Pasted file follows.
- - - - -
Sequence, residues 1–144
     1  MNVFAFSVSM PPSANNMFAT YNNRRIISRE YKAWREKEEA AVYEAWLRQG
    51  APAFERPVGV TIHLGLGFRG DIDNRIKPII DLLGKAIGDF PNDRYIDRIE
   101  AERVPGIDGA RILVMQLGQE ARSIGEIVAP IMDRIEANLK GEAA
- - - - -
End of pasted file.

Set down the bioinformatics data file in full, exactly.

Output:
Sequence, residues 1–144
     1  MNVFAFSVSM PPSANNMFAT YNNRRIISRE YKAWREKEEA AVYEAWLRQG
    51  APAFERPVGV TIHLGLGFRG DIDNRIKPII DLLGKAIGDF PNDRYIDRIE
   101  AERVPGIDGA RILVMQLGQE ARSIGEIVAP IMDRIEANLK GEAA